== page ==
By Donald C Stewart
The last season of Silent Witness was again heralded by the appearance of Liz Carr in a central role. Such a mainstream win for a disabled actor and activist was seen as evidence that the tide was turning; we were becoming more inclusive.
She decided to pursue other challenges at the end of that series and many of us able bodied people may have thought, what else could she do… Prejudice is a tough act to let go.
She is not the only example of diversity in the arts.
For years on the Archers on Radio 4 there has been an actor who is both blind AND Scottish. It may seem like an easy win for the disabled community that an actor who is visually impaired gets a radio role but it is one which does not depend upon his inability to see but his ability to act – that’s the point.
Increasingly, the issue of diversity is one with which we have tried to find a way of ensuring that our art reflects the society in which we live. That, however, is only half the point.
Art has the ability – and I use the term advisedly – to influence and set trends. We have a tremendous opportunity as artists to show the world not just a mirror up to it and reflect itself upon itself but also to show how we ought, we should, we do benefit from being more inclusive.
Through such inclusivity we thrive. We develop not just into a better society but also into a society that can build better foundations and results for itself – at least that is the evidence.
In Scotland we pride ourselves in such inclusion as we point to the way in which document after research report after investigation into how our institutions promote the inclusive nature of progress – wha’s like us indeed!
We were the first in the UK to produce an acting degree which is designed for actors who are d/Deaf. We have Lung Ha, an award-winning disabled actors led project that performs a couple of times a year and do so not just charmingly but, more importantly, with great artistic merit.
We have Sounds of Progress where the Artistic Director, Robert Softley Gale is himself a disabled actor, writer and director who has made his own way using his abilities in the artistic world, rather than relying on the sympathy that comes to someone with cerebral palsy.
We also have Solar Bear, the ones who drove and maintain the professional contact between the Royal Conservatoire of Scotland’s d/Deaf acting degree and the profession to which it was supposed to serve.
Of that degree, in June 2018, the first 10 acting cohort graduated and become professionals for whom Equity dues were ready and the professional world was primed.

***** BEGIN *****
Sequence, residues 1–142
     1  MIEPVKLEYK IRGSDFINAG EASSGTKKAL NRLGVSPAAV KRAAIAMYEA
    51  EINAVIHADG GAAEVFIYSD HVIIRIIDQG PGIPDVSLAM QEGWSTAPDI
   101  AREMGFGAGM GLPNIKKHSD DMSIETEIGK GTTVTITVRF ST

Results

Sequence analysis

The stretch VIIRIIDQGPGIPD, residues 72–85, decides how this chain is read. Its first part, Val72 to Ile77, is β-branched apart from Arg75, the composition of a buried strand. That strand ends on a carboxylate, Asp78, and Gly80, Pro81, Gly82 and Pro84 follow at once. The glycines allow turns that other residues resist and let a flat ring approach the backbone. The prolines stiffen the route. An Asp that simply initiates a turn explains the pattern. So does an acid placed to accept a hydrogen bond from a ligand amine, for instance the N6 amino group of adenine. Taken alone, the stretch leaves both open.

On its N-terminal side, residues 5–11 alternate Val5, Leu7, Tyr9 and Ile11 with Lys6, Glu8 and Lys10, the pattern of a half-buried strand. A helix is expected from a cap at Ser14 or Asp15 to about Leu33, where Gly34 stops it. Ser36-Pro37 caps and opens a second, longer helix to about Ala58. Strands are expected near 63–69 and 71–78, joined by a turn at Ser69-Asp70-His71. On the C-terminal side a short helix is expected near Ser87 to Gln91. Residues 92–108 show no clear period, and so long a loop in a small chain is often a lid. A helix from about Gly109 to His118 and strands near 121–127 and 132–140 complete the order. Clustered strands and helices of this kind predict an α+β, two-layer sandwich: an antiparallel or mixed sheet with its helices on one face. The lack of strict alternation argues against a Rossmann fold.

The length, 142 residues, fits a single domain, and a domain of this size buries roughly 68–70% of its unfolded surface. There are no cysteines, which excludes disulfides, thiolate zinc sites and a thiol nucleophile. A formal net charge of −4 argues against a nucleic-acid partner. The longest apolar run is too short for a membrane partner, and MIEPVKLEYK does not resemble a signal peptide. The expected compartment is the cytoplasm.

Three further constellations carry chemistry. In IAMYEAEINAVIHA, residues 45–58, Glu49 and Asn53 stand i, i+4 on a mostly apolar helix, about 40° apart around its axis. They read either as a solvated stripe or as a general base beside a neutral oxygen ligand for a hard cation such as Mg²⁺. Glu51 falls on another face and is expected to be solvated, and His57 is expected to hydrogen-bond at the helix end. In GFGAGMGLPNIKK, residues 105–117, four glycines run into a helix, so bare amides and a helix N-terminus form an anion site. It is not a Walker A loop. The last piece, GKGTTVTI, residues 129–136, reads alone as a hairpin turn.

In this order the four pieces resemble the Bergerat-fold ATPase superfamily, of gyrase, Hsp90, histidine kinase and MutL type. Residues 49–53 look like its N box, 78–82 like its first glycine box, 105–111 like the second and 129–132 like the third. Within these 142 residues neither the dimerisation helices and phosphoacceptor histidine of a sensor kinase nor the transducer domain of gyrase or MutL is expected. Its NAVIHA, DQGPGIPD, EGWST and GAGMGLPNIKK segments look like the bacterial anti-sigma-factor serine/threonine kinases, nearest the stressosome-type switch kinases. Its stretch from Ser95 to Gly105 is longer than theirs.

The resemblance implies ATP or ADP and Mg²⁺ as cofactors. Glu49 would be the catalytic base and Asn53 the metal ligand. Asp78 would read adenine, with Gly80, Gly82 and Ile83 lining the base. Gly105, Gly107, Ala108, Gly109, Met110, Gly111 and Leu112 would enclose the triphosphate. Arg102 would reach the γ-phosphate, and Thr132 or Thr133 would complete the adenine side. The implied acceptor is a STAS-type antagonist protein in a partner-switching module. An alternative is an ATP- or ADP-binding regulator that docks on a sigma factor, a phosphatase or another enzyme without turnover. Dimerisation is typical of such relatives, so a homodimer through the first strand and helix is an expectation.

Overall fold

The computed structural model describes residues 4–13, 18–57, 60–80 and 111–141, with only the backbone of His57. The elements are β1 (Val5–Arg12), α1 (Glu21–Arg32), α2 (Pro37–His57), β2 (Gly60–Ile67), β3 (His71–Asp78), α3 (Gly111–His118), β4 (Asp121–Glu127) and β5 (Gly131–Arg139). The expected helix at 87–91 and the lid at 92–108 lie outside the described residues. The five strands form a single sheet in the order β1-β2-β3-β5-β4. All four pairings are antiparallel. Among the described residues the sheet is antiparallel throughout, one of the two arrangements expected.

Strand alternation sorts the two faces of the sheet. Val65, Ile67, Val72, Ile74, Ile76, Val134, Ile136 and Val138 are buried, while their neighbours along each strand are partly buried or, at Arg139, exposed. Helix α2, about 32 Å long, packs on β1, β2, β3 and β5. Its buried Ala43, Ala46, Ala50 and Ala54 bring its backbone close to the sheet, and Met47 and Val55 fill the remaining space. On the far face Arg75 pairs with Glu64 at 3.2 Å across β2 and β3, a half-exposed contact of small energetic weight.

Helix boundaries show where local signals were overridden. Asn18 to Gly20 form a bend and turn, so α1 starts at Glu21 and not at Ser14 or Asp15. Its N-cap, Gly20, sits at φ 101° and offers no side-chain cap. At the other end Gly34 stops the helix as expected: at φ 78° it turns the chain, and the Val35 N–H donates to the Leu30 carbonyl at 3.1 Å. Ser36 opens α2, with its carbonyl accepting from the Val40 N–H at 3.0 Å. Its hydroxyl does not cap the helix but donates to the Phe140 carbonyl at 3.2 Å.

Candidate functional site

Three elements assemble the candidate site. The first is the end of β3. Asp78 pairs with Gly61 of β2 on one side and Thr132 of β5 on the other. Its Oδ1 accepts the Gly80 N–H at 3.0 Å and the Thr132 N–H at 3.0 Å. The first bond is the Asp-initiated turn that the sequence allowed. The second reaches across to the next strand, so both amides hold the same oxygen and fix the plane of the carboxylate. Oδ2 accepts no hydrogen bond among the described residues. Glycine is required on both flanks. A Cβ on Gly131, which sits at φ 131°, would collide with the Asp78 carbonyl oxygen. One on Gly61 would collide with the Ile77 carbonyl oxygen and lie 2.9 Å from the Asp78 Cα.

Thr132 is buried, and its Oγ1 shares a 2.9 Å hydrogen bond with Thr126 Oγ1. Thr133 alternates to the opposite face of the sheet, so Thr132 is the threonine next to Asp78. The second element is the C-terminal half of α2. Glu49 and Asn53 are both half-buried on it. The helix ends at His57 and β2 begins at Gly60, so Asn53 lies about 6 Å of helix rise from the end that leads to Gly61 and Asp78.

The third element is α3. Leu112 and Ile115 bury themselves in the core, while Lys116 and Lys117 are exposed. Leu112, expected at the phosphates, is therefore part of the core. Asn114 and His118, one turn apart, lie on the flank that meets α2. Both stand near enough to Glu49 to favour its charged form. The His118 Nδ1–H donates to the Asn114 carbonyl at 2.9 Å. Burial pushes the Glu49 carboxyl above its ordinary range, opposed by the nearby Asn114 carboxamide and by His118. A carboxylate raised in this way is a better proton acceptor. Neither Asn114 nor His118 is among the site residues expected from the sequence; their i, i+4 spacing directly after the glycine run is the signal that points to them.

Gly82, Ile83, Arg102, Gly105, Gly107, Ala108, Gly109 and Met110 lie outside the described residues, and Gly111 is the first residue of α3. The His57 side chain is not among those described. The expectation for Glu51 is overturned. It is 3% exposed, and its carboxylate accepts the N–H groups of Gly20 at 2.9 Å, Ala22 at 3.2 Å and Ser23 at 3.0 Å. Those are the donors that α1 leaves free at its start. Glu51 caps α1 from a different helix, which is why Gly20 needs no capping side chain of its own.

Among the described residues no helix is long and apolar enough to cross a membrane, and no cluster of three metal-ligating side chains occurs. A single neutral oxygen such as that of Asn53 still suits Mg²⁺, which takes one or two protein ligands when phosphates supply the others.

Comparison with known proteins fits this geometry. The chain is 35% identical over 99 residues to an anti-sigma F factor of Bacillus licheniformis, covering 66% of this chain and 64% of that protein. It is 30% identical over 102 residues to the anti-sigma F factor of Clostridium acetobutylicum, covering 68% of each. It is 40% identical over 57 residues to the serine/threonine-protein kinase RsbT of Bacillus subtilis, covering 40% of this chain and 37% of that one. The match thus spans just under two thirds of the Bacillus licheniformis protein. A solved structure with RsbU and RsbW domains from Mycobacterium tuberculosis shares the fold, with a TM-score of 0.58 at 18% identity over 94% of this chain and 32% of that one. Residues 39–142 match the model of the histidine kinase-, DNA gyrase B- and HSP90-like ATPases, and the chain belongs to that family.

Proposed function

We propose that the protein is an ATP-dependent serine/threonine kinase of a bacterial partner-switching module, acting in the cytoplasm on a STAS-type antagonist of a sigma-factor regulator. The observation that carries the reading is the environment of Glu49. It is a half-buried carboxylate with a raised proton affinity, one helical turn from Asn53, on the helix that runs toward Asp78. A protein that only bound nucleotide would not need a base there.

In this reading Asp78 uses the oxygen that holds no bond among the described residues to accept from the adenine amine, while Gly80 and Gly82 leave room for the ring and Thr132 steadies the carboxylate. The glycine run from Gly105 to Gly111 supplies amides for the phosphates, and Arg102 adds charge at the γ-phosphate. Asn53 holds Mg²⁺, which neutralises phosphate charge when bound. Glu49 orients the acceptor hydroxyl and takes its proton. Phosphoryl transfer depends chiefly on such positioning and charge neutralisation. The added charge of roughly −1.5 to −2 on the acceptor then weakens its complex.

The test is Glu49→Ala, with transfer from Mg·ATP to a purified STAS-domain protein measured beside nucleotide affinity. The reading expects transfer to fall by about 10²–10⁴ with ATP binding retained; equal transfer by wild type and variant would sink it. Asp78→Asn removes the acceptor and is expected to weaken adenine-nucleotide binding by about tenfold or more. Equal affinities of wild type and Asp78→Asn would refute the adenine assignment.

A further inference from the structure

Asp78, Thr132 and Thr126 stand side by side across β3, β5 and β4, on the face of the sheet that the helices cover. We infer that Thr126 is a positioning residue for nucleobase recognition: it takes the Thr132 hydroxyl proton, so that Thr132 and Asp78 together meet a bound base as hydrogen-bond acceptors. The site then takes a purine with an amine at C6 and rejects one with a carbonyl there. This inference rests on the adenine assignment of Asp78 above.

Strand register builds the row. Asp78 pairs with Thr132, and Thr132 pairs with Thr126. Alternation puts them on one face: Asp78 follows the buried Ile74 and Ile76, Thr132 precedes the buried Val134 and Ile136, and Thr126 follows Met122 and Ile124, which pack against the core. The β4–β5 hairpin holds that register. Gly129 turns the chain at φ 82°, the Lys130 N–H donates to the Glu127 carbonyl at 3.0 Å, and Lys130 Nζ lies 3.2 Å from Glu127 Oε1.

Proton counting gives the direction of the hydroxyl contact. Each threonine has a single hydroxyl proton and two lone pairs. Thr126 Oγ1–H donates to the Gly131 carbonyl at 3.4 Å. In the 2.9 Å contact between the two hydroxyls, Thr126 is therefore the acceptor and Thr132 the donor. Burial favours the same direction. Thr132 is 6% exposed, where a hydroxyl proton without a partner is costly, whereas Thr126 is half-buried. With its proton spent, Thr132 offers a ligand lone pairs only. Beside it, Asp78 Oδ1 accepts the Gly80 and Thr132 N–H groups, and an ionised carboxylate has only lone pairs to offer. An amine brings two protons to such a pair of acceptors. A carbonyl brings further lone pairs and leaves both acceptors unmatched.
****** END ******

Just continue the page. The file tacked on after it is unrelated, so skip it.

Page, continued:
In Scotland however their thrusting into the world was followed by tartan silence…
The success of each of them has been palpable – admirable even.
The vast majority of them are working; and working in the arts. Given that 20% of them come from my hometown of Ayr and that is a note of which we are especially proud. Given that one of them is my very own son, that is indeed our symphony.
With roles in Manchester, Leeds, Sheffield, Bristol and Wales we are exporting this group of high achievers. Unfortunately, and not for the first time, home grown audiences shall be denied the pleasure.
That is almost criminal.
We have invested in the degree, the training, the leaflet and the publicity. The hoo hah and the hurrah when it won awards reverberated around the globe; and we aint talking Shakespeare’s former home.
We are now looking to cohort 2 going into their final year, at the tail end of a pandemic that has seen them lose a huge proportion of their second year. I hope they are able to get into the Conservatoire and get training again by their third year.
But will they come out to a world that is different to the one faced by the first cohort? The only good news that we have seen recently with regards to Scottish theatre finally taking on their artistry has been first cohort graduate Bea Webster writing a National Theatre of Scotland Scene for Survival.
It is undeniably a difficult time. We hear talk of coming out of this pandemic and building something new, of refusing to go back to the way that things were and being radical in our thinking.
The arts have one of the biggest challenges.
Can we finally now build a world with diversity at its heart? Do we finally have the blank canvass upon which to write large that we are all different and diversity is the generous key? As Liz Carr has shown, there are opportunities out there and nobody should fear the risk – do we have the foresight to reward it though?